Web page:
Hentgen opted for a return to his coaching roots as a roving instructor and special assistant to the organization. The desire to be back in the big leagues seemed to disappear, but all of that changed this offseason when Toronto hired John Gibbons as manager and former teammate Pete Walker as pitching coach.
"You guys know I'm a baseball junkie," Hentgen said. "I was involved last year in a small roving role. I was up in Toronto for some of the homestands, so I still had my foot in the door.
"But at that time, when Gibby got announced as the manager, quickly after that Pete was named the pitching coach and I got a call from Pete. Until that point, I have to say I was not thinking about it."
Once the possibility of a return as bullpen coach was presented to Hentgen, it didn't take a lot of convincing to close the deal. If anything, it would have been incredibly hard for him to say no to Walker -- who had become one of his good friends -- and a manager he always had a good rapport with.
Hentgen and Walker first crossed paths in 2004 when they were teammates in Toronto. Their working relationship was then built over a period of time while Hentgen was a roving Minor League instructor and Walker served as a rehab coordinator and eventually the pitching coach for Double-A New Hampshire.
It was Walker who took over for Hentgen when he decided to step aside after just one year as bullpen coach, but now they have been reunited. On some teams, the bullpen coach doesn't play that active of a role, but that won't be the case in Toronto. In many ways, the two are a team.
"Our philosophy is very similar," Hentgen said. "Pete's probably a bit more mechanical than I am, I'm probably more mental. I think we're a good fit, I think we make a good combo."
The coaching staff that Hentgen is now a part of bears little resemblance to the one he left following the 2011 season. Former manager John Farrell is in Boston and his leadership style has been replaced by the vastly different approach used by Gibbons.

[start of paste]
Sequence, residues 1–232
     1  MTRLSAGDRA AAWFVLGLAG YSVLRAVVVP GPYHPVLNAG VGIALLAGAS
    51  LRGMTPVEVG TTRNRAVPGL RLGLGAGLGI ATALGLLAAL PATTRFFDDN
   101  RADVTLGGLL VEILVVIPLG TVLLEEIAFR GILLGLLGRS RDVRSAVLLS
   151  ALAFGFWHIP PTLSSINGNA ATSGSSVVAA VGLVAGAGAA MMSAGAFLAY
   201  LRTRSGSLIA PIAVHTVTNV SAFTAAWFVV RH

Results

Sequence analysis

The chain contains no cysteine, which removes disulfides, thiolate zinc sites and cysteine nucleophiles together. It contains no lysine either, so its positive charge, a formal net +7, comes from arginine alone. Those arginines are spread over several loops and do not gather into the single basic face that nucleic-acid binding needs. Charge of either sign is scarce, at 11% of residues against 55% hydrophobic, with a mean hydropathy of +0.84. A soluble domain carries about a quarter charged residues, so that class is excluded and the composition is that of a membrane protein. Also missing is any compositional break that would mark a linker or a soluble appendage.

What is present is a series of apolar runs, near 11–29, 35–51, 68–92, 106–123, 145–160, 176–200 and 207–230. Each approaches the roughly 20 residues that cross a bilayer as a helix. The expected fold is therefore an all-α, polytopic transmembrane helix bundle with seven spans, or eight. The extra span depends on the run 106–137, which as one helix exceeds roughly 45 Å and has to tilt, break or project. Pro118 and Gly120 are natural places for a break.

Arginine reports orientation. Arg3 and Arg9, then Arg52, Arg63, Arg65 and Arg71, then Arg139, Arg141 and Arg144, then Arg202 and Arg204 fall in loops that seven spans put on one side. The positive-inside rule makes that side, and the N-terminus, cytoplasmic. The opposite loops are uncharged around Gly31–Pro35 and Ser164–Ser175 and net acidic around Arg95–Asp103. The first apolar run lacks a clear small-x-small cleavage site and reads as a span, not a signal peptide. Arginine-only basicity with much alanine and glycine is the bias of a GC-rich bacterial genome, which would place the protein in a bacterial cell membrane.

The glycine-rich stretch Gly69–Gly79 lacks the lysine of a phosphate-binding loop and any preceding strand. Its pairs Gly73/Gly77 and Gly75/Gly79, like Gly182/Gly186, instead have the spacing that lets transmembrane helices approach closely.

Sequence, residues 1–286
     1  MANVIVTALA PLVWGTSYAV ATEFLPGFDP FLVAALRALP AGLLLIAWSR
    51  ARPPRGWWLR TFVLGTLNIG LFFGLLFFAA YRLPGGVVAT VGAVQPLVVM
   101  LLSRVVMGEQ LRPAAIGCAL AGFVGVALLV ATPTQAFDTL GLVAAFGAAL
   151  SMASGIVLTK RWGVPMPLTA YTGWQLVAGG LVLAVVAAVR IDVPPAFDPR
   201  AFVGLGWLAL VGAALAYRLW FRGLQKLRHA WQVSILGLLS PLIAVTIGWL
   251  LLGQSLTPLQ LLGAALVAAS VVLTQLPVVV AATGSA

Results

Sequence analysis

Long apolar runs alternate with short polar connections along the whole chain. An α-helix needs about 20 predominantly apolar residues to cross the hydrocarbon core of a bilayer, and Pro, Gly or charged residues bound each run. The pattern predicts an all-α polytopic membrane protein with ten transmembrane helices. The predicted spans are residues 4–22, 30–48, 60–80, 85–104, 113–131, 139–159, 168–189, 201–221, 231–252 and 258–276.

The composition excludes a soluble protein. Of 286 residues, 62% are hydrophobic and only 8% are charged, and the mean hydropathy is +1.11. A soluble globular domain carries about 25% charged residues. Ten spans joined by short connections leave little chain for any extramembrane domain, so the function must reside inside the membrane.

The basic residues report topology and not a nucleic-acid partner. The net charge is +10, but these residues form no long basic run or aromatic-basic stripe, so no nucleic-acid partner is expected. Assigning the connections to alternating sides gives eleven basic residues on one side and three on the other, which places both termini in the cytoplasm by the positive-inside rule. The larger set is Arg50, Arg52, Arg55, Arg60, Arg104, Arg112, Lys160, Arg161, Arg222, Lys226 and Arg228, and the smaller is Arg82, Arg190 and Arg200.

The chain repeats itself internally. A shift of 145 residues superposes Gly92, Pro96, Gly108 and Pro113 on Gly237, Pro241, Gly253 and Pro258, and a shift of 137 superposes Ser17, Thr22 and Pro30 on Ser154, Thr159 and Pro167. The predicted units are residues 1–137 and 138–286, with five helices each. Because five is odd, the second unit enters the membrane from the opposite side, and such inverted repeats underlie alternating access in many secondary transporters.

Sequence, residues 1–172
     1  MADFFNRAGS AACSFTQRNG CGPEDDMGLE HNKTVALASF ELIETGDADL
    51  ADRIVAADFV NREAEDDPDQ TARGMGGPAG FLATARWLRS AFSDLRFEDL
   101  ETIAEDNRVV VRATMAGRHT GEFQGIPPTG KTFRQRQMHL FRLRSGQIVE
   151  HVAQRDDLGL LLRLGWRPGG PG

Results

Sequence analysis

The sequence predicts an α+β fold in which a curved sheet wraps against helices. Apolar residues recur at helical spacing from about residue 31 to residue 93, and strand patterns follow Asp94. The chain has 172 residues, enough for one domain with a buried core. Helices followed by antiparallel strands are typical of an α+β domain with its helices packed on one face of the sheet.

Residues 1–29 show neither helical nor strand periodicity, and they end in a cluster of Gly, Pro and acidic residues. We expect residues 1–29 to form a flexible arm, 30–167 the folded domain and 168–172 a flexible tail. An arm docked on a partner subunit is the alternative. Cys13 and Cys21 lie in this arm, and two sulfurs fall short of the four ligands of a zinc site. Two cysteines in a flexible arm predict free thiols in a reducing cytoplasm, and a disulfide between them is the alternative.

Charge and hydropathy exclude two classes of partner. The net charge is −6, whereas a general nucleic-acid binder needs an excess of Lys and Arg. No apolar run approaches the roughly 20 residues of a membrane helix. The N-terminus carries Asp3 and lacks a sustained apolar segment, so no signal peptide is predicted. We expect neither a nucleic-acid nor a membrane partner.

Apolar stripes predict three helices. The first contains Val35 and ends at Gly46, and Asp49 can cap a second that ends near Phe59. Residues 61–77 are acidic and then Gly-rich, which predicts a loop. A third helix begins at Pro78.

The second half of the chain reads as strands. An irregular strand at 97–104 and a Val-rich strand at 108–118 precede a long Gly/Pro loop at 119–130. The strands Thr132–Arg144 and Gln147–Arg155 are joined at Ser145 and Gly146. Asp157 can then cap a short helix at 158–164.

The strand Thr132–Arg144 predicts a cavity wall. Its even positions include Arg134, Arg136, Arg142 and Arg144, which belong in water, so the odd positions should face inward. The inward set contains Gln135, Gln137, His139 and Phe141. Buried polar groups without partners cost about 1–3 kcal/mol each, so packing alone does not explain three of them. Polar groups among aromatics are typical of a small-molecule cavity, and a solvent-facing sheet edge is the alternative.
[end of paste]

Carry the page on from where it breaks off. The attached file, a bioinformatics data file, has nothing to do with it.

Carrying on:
Farrell, who is a former Major League pitcher, liked to have his say in virtually every aspect of the organization. He paid close attention to the roster and wanted to be involved in the work being done by Hentgen and then pitching coach Bruce Walton.
Gibbons, on the other hand, leaves the bulk of the work to his coaches. The atmosphere seems to provide Walker and Hentgen with plenty of freedom to go about their roles without any type of interference.
"I think that the atmosphere that he has created has been one that's loose, not in a bad way because I think you have to be that way to play this game," Hentgen said. "He lets his coaches do their jobs. Pete, down to me, I'm kind of like an assistant for him, and I think it has been going really well so far."
The decision to bring Hentgen back into the fold was described as a "no-brainer" by Gibbons. Walker was consulted throughout the process, but ultimately the final say went to Gibbons, and from the day he was hired, there was very little doubt about which candidate he wanted.
Hentgen not only brings his coaching resume into the mix but also the experience he gained throughout the course of a very successful career in the Major Leagues.
The native of Michigan enjoyed a 14-year career -- including 10 in Toronto -- while appearing in three All-Star Games. The highlight from his career came in 1996, when he went 20-10 with a 3.22 ERA en route to the AL Cy Young Award.
He brings instant credibility to the position and can act as a sounding board whenever pitchers go through their typical ups and downs of the 162-game grind.
"Pat's a natural pick, he's an ex-Blue Jay, he has been very successful and everyone in the game loves him," Gibbons said. "He's one of those guys that makes you feel good when he's around.
"There's something different about him. There are guys you want to be around. He'll sit down, and when he talks baseball with you, he can really pick it apart. The success he's had, that's instant credibility to the guys that he's going to be dealing with out there."